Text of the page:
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my $start_time = [Time::HiRes::gettimeofday()];
my $diff = Time::HiRes::tv_interval($start_time);

print "\n\n$diff\n";
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4  
Better in what sense? –  ysth Mar 19 '09 at 1:29
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3 Answers

up vote 35 down vote accepted

Possibly. Depends on what you mean by "better".

If you are asking for a "better" solution in terms of functionality, then this is pretty much it.

If you are asking for a "better" in the sense of "less awkward" notation, then know that, in scalar context, Time::HiRes::gettimeofday() will return floating seconds since epoch (with the fractional part representing microseconds), just like Time::HiRes::time() (which is a good drop-in replacement for the standard time() function.)

my $start = Time::HiRes::gettimeofday();
...
my $end = Time::HiRes::gettimeofday();
printf("%.2f\n", $end - $start);

or:

use Time::HiRes qw( time )

my $start = time();
...
my $end = time();
printf("%.2f\n", $end - $start);
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Depends on what you are doing. If you want to measure wall clock time (the amount of actual time that has elapsed) you can't get much better. If you want to measure how long the computer has been doing something then you might want to look at the times function or the time command. The times function in Perl returns a list of the current accumulated time for this process in your code and the code of any modules you are using, this process in system calls, all of this process's children in user code, and all of this process's children in system calls.

#!/usr/bin/perl

use strict;
use warnings;
use Time::HiRes;

my $start_time = [Time::HiRes::gettimeofday()];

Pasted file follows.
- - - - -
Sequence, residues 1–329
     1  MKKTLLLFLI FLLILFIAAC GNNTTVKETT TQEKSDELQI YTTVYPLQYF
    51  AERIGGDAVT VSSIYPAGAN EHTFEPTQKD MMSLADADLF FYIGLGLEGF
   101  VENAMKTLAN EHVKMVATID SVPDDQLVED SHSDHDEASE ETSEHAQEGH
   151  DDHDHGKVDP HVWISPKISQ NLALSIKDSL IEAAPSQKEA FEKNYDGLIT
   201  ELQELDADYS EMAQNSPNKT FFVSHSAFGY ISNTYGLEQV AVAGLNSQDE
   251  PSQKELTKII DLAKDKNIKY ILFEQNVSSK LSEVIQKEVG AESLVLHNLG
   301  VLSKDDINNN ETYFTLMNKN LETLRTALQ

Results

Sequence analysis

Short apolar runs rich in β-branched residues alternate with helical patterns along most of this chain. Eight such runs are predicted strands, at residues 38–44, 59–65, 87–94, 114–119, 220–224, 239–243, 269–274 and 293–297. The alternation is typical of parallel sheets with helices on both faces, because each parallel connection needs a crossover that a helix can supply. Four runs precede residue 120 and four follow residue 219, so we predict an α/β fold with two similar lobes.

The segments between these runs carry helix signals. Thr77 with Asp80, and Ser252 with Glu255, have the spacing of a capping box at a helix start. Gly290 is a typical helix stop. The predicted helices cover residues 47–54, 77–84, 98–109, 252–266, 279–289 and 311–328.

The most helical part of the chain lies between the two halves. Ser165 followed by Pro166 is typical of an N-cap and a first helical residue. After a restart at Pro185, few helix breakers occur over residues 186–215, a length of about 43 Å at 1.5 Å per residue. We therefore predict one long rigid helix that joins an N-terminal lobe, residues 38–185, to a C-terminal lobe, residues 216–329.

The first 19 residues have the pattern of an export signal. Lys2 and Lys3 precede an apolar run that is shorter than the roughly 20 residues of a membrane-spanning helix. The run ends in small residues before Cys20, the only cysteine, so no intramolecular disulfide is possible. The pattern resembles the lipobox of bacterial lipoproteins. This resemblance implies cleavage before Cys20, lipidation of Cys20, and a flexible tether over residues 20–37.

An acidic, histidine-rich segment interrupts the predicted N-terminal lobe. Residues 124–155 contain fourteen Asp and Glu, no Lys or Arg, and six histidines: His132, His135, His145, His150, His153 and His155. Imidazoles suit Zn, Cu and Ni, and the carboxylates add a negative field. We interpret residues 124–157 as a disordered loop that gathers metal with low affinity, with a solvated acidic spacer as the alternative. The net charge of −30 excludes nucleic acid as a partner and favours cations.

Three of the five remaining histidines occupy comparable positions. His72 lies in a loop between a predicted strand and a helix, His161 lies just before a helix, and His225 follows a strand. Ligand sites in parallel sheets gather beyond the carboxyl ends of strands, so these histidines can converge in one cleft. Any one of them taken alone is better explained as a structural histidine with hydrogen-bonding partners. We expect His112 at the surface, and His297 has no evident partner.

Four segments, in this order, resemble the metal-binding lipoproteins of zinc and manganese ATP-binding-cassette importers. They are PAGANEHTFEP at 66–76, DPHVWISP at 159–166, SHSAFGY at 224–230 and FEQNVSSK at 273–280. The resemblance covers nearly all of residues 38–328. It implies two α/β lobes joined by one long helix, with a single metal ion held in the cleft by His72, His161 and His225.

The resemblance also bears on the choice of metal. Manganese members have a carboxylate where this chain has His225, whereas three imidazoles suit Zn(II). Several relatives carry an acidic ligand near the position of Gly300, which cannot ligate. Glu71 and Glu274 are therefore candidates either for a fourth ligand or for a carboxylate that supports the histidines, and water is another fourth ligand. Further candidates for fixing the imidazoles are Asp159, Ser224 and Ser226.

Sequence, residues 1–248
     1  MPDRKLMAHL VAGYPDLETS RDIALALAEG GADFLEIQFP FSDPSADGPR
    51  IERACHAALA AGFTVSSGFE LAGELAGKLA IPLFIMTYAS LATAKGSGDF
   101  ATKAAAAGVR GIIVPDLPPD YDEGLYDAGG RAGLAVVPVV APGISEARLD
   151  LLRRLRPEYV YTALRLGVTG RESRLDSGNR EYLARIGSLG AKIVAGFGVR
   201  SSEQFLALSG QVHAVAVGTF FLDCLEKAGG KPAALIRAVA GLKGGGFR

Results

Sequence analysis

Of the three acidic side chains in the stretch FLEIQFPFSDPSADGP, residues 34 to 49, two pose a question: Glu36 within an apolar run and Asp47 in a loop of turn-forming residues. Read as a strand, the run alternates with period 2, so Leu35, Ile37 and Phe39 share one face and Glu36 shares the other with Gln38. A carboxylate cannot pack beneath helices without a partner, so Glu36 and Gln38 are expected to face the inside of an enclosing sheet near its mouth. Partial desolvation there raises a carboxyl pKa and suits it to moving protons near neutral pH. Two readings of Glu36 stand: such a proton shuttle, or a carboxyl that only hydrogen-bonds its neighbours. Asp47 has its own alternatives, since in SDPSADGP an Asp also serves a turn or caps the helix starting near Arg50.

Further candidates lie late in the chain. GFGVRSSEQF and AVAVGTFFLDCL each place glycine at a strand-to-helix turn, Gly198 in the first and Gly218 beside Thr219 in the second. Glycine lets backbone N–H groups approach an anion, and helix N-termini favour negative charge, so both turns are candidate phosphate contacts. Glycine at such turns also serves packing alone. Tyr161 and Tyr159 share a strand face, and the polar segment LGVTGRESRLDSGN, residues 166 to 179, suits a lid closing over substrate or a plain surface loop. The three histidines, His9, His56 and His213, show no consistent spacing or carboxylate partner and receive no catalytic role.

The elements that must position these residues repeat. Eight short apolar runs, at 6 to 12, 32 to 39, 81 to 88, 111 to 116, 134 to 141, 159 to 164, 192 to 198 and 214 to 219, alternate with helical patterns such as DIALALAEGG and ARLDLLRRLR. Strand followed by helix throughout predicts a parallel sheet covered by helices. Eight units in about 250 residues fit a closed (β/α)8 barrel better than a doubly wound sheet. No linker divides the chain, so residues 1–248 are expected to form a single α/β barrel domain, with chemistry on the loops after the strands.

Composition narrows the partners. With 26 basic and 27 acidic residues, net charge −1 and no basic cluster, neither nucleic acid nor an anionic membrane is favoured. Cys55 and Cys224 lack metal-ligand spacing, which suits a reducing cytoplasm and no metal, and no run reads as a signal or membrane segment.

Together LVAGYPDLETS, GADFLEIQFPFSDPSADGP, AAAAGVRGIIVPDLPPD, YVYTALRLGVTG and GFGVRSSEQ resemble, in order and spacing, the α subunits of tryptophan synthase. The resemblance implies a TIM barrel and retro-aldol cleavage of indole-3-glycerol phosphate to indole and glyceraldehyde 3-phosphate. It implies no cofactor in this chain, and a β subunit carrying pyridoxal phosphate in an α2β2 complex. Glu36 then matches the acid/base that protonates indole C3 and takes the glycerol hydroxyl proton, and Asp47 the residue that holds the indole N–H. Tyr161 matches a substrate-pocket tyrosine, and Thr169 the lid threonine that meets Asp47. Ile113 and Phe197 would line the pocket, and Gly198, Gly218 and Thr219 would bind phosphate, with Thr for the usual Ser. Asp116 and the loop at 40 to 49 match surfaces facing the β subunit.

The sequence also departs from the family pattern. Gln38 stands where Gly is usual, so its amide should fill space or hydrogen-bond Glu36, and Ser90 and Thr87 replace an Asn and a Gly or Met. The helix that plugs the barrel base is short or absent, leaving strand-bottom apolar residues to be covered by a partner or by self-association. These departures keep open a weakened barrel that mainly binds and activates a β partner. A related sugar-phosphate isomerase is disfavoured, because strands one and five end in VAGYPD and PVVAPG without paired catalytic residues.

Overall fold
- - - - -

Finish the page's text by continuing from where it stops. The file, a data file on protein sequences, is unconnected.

.
.
.
my ($user, $system, $child_user, $child_system) = times;
print "wall clock time was ", Time::HiRes::tv_interval($start_time), "\n",
    "user time for $$ was $user\n",
    "system time for $$ was $system\n",
    "user time for all children was $child_user\n",
    "system time for all children was $child_system\n";

The time command in UNIX is similar in function. You run a command like this

time ./script.pl

and it outputs something like this

real    0m0.692s
user    0m0.019s
sys     0m0.109s

where real is the wall clock time and user and sys are the same as user and system above.

The time command is easier for a human to use, but the times function gives you more information and is easier to fit into a computer program (plus it has the benefit of producing results while a program is still running).

Oh, I forgot to mention $^T. This variable holds the start time of the program in seconds since the epoch, so if you only care about a granularity of seconds you can just say

END { print "The program ran for ", time() - $^T, " seconds\n" }

near the top of your program.

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That's pretty much it -- that will give you high resolution elapsed time. Unless, of course, someone messes with the system clock.

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